Monthly Archives: February 2012

Connect10: How are London’s Old Operating Theatre Museum and Cheltenham Art Gallery & Museum competing for Claire Barclay?

We’re delighted with the success of the Connect10 competition for venues to win  a top artist for a Museums at Night event – two weeks in, over 15,000 votes have already been cast!

In addition to creating some wonderful new Museums at Night events, the goal of this competition was always to develop and engage audiences. So, I’ll be running a series of articles looking at how the competing museums and galleries are reaching out to their audiences to encourage them to vote.

There are some excellent ideas emerging which would also be useful for any venue trying to raise awareness of their events, their fundraising, or even the fact that they exist and are worth visiting!

Cheltenham Art Gallery & Museum are currently neck-and-neck with London’s Old Operating Theatre Museum in a hotly contested bid to win Scottish sculptor Claire Barclay.

Where will you send Claire for Museums at Night? Cast your vote here.

Sophie Wilson, Exhibitions & Education Manager at Cheltenham Art Gallery & Museum, reports:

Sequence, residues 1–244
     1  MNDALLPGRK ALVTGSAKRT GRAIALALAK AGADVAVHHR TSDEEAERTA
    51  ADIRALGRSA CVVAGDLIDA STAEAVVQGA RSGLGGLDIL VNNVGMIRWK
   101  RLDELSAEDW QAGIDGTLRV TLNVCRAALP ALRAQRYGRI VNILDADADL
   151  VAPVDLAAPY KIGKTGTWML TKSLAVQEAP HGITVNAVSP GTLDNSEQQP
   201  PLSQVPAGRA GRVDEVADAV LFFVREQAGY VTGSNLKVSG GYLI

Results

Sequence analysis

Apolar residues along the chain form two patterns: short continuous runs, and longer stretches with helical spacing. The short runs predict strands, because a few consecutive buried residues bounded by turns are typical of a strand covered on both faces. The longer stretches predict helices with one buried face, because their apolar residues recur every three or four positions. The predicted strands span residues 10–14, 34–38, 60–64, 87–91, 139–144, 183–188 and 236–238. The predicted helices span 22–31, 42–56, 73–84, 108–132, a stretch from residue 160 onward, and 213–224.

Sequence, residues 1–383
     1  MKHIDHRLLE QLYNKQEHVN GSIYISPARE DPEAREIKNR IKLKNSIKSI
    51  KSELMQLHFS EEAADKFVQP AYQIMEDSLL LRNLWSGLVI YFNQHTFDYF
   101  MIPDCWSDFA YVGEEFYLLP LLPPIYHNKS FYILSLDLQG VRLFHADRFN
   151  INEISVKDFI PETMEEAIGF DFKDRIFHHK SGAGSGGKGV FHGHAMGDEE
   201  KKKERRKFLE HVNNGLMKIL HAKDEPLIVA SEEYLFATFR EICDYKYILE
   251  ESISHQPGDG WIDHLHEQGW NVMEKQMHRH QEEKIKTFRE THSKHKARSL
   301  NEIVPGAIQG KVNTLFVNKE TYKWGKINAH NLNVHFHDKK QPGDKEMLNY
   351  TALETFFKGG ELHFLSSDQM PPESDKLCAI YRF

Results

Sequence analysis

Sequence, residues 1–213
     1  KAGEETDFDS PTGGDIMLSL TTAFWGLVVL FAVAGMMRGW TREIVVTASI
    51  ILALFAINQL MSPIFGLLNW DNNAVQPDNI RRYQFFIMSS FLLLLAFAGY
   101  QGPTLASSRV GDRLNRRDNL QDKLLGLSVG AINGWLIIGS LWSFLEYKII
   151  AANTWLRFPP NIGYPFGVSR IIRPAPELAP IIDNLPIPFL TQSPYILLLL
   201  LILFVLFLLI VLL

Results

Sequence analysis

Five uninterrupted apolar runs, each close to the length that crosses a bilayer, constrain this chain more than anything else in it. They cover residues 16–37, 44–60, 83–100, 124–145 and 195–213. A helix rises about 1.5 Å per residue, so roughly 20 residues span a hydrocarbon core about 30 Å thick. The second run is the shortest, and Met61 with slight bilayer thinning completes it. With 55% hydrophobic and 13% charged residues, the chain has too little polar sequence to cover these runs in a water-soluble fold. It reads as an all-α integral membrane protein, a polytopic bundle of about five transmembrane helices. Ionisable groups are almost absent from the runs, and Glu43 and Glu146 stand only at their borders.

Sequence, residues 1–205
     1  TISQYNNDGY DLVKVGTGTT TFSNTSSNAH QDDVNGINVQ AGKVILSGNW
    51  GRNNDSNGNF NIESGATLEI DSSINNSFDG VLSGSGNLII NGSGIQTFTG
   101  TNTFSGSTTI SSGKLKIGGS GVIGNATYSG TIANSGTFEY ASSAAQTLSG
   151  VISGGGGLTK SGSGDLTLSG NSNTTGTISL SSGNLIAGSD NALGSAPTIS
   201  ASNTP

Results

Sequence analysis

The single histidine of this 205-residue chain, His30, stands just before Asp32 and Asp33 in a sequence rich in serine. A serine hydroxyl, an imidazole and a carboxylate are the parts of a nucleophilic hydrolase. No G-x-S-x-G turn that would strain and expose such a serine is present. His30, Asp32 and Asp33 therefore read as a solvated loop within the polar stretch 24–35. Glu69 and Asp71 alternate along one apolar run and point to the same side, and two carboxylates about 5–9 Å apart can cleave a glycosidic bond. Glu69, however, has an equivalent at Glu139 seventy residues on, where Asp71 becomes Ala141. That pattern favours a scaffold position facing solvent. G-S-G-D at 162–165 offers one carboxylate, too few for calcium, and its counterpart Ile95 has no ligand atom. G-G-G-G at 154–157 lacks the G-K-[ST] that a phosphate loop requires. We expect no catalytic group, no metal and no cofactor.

We’ve sent details out to our local press, and showcased our Connect10 bid on the homepage of our website. As a council-run venue, we also got the info placed on our local council staff intranet.

We’ve sent a mailout to our contact list, and have also included a slip about the project in a mailing to our Friends of the Art Gallery & Museum last week.

Although we’re currently being refurbished, we’re still using our Twitter account to talk with our followers and ask for votes – we’re really pleased with the number of retweets we’ve had, and that our local Tourist Information Centre is also tweeting about the competition.

Valentina Lari, Press & Marketing Officer at the Old Operating Theatre Museum,  reports:

Our strongest advocates are our supporters, the Friends of the Museum. We’ve contacted all our mailing list, encouraging them to vote for us and to tell their friends about the competition.

We’ll be sending out a press release about Connect10 as well.

We’ve also put a link to the poll on the homepage of our site, and we’re updating our Facebook page to let our fans know where we stand in the poll – it’s very close run!

Vote in Claire Barclay’s Connect10 poll here – where will you send her?

The competition is open until Monday March 5th, and the winning venue will be announced on Tuesday March 6th.

Rosie’s Museums at Night article appears in Historic House Magazine

As you may remember, 5pm yesterday was our publicity deadline for museums and galleries to register their Museums at Night events, for the chance to be featured in BBC History Magazine’s Guide to Museums at Night.

There’s a reason why we issue publicity deadlines throughout the buildup to the campaign. On Wednesday evening there were just over 80 Museums at Night events registered in the database. And by the end of the day yesterday, this number had jumped to 140.